jonmsimon
jonmsimon

I use Essential PIM. It allows me to run it from a flash drive.

bobc47
bobc47

Back in the early 90's i used Tornado to track things at work. It was DOS based, had blazing speed, and was limited only by the amount of disk space you gave it. Being text based it's foot print was very small.

That app allowed me to easily track dozens of projects that were on my plate as an engineer. I've found nothing as good since.

LarryHazen
LarryHazen

I have used Evernote for a few years only on my laptop and loved it... well that all changed Christmas of 2012 when I got a Samsung Tablet and shortly thereafter got a Samsung Galixy 3 Smartphone.  WOW EVERYHING is on all my devices at once!!!   Totally AWESOME as far as I'm concerned.

Now just last week I added OneNote to my phone (no tablet yet).  I agree with a few other comments that OneNote is challenging as there are so many places to put things and name things and Note things..... I am up to the challenge as all my other programs are Microsoft 365 with the cloud (mostly becasue of my work).

So great article and I'm in for the top 2 and hope I can master OneNote sometime soon....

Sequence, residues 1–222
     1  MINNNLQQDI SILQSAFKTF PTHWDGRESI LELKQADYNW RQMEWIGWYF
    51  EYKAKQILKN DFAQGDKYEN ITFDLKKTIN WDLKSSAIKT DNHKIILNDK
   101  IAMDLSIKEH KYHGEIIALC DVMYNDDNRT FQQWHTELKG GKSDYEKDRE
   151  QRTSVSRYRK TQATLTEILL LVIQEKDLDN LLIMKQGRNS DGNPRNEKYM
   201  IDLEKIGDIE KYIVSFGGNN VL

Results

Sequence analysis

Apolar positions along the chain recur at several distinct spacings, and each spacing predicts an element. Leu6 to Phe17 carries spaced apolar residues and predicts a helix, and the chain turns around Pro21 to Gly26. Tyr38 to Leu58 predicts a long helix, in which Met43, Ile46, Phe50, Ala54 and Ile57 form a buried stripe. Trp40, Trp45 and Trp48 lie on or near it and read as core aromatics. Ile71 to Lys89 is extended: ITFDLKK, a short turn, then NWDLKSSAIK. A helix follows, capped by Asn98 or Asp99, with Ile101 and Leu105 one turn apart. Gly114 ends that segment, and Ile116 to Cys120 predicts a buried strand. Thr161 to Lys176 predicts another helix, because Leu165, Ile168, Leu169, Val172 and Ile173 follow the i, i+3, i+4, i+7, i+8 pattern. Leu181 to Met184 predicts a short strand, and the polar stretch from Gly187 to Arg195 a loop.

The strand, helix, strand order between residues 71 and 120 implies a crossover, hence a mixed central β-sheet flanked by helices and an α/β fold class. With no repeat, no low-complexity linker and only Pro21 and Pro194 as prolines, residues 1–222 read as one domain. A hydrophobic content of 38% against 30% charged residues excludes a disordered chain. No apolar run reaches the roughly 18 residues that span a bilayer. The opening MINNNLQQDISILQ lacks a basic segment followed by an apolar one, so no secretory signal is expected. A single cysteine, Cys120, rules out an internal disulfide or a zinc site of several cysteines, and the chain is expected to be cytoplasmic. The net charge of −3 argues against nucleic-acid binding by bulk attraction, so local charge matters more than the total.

hug.login
hug.login

Acutally I use Notepad++ for notes that have a short life span. For everything else I started to use Evernote and I'm happy with it.

peterlonz
peterlonz

A list that I feel is not chosen to suit the needs of Mr Average.

I have a fair bit of computer experience & currently I am a bit disatisfied with Notepad - but it works & I can open Word if necessary.

One Note I have looked at several times & been utterly put off by its complexity, The others here are much the same. BTW I'd suggest 80% of users have no idea what syncing is & that includes me.

How about a more down to earth approach. Folks who can readily adopt one of your choices are probably already aware of them & use one!

Mark W. Kaelin
Mark W. Kaelin moderator

What application do you use for note taking? Do you recommend it or are you looking for something better?